Thursday, September 27, 2001
W. Ky. students document scene
Work helps them learn perspective
By Bruce Schreiner
The Associated Press
LOUISVILLE Watching with the rest of America as the World Trade Center crumbled, student photojournalists quickly sized up the enormity of the event and decided to chronicle a city in grief.
What the two dozen or so students from Western Kentucky University in Bowling Green saw through their cameras while wandering the streets of New York taught them lessons for life.
As a person, I learned a lot about the human spirit, and how strong especially the New Yorkers were in the tragedy, said Jonathan Miano, 23, a senior from Covington.
Mr. Miano piled into a vehicle along with five others just hours after two hijacked airliners slammed into the World Trade Center on Sept. 11.
Other groups soon followed, as the students put their campus lives on hold for several days to witness the grief, courage and resilience of people in the days after the terrorist attack.
I knew this was history unfolding, and I knew it probably would be the biggest story in my lifetime, said Michael Bunch, 24, a senior from Glasgow. I just felt an urgency to document it.
Lacking media credentials, however, the students couldn't get close enough to photograph rescue efforts. Some came within a couple of blocks of the Trade Center and watched rescue workers marching toward the smoldering ruins. The students spent most of their time fanning out across New York to capture the emotions of a grief-stricken city.
They saw candlelight vigils, firefighters mourning lost comrades and people wandering the city while holding pictures of missing loved ones.
Jed Conklin, 24, a senior from Owensboro, saw a range of emotions.
If eyes are the windows to the soul, there were a lot of souls that were hurting, he said. There were a lot of eyes filled with mourning, filled with hate, filled with disgust, filled with peace. There were so many different faces, and faces that told so many different stories.
Mr. Conklin saw hundreds of pictures plastered on walls, statues, phone booths. The photos showed victims in happy times at weddings or at home.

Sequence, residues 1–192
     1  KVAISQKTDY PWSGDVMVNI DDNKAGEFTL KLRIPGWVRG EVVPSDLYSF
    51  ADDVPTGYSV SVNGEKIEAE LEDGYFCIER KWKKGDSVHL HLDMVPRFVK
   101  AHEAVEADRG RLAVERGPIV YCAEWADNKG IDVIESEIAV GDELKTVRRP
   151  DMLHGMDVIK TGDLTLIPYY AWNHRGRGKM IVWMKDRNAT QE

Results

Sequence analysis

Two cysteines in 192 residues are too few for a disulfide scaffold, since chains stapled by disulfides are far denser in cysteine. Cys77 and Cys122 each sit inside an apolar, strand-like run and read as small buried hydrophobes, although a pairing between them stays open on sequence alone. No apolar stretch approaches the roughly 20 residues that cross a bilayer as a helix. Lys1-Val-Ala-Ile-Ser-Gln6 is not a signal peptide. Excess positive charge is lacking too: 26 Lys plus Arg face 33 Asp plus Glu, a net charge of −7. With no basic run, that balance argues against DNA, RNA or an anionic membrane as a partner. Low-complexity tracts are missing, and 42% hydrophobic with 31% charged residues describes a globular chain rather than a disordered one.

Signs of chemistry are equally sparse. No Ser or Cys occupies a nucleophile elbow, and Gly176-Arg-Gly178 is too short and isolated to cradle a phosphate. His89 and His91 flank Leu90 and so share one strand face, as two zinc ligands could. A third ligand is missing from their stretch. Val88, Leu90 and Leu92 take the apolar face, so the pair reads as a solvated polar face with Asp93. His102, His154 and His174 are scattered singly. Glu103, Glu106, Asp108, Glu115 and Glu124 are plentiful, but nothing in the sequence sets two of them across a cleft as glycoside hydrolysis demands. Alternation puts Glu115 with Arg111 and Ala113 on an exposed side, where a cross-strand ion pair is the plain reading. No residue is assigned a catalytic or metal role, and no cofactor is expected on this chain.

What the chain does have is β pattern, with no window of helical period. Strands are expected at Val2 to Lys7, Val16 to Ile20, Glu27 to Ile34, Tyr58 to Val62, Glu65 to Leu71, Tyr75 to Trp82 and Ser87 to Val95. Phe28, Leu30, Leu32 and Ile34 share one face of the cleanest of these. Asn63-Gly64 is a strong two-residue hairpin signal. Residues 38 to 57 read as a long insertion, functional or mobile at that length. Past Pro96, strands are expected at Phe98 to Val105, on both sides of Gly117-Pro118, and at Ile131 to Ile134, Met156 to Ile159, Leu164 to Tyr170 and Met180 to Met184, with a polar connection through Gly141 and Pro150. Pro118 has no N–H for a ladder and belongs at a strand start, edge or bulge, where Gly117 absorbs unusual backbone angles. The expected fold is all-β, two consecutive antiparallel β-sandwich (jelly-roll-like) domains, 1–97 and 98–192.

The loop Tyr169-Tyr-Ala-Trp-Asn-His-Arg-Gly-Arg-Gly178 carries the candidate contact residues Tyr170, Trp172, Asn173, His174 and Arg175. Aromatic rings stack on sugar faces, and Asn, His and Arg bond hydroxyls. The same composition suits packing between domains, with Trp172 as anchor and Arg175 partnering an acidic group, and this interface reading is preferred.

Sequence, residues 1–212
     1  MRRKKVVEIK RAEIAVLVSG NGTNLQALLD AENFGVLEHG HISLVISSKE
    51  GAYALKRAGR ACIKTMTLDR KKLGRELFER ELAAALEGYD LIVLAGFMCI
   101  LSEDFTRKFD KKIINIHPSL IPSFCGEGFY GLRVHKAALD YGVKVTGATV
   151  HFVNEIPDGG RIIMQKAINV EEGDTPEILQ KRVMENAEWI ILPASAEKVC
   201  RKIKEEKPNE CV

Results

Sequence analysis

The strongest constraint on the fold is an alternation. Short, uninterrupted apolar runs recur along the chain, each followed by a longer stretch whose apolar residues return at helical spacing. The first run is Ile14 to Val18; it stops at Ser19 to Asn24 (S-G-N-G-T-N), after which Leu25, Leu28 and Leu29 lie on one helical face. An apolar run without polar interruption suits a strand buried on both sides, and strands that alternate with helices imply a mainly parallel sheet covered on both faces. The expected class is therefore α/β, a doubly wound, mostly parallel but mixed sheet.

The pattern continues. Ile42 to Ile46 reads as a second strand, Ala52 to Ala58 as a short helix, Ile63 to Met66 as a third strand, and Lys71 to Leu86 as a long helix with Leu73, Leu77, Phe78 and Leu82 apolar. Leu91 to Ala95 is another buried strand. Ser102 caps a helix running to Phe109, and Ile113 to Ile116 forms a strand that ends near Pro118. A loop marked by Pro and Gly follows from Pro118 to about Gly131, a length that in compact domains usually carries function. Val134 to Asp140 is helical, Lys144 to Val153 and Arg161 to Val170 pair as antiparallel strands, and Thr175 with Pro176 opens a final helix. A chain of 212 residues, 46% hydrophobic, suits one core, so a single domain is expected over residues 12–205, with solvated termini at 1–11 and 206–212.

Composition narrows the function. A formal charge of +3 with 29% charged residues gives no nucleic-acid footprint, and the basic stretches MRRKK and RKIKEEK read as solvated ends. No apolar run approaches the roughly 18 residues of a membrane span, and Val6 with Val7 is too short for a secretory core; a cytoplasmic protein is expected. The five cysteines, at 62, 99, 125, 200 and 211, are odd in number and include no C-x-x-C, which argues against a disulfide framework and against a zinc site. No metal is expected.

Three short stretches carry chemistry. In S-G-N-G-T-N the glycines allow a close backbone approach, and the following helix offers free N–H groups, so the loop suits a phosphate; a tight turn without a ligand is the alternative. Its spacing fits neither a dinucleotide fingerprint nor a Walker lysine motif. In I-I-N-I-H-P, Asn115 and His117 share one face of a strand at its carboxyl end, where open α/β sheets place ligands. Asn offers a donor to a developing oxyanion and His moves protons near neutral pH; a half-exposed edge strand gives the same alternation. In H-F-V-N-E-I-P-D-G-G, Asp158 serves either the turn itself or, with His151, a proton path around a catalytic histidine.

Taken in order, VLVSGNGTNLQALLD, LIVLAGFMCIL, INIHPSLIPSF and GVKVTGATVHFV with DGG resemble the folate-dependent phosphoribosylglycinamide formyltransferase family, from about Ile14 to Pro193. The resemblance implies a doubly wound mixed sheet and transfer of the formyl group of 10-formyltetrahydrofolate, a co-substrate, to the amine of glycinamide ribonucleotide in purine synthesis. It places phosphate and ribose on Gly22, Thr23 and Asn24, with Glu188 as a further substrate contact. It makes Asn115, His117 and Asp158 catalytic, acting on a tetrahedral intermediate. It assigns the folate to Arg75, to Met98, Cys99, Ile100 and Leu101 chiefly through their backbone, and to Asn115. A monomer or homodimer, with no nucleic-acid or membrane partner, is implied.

An eerie silence pervaded Union Square, a city park where people gathered in the rain, he said. At a Brooklyn fire station that lost four firefighters, members of a nearby church sang for the mourners.
Mr. Conklin said the tragedy turned New York into one family joined together by the impossible.
I never experienced the amount of pain from other people's perspective that I did in New York, he said. It was a huge learning experience for me, as a journalist and a person. I'm definitely going to carry it with me for the rest of my life.
Before leaving Bowling Green, many of the students consulted with James Kenney, director of Western's award-winning photojournalism program. Mr. Kenney helped put out a special edition of the campus newspaper the day after the tragedy, then followed his students' lead and went to New York.
I felt I needed to do more, Mr. Kenney said. I can't operate a backhoe or move rubble, but I can use a camera to try to communicate what it was like up there.
The tragedy turned into a workshop, teaching the student photographers lessons they'll carry into their careers, Mr. Kenney said.
The students learned how to deal with law enforcement authorities in tense situations, how to make quick decisions while covering a story, and how to approach and treat people coping with tragedy, he said.
I can talk about that in class, but I couldn't teach it any better than the real thing, Mr. Kenney said.
Western's photojournalism program has won the Hearst Intercollegiate Journalism Awards competition in 11 of the past 12 years. The campus newspaper, the College Heights Herald, has won national Pacemaker Awards for non-daily college newspapers for three straight years.
Mr. Bunch said he felt a constant tug between snapping photos and becoming a participant in assisting victims. Mr. Conklin said he found himself bowing his head and saying a prayer at vigils.
Mr. Bunch said the experience gave him more empathy for people he photographs. At times, he found himself making eye contact with a mourner to show he cared before snapping a photo, he said.
The experience reinforced a lesson he'd been taught back home.
One of the things we've tried to emphasize in our program is that our subjects are humans, Mr. Kenney said. Whether it's a happy or sad story, we need to treat them with respect and dignity.
Mr. Kenney said he was impressed with the quality of the students' photos. The participants have talked about compiling their works to show people in Bowling Green what they experienced.
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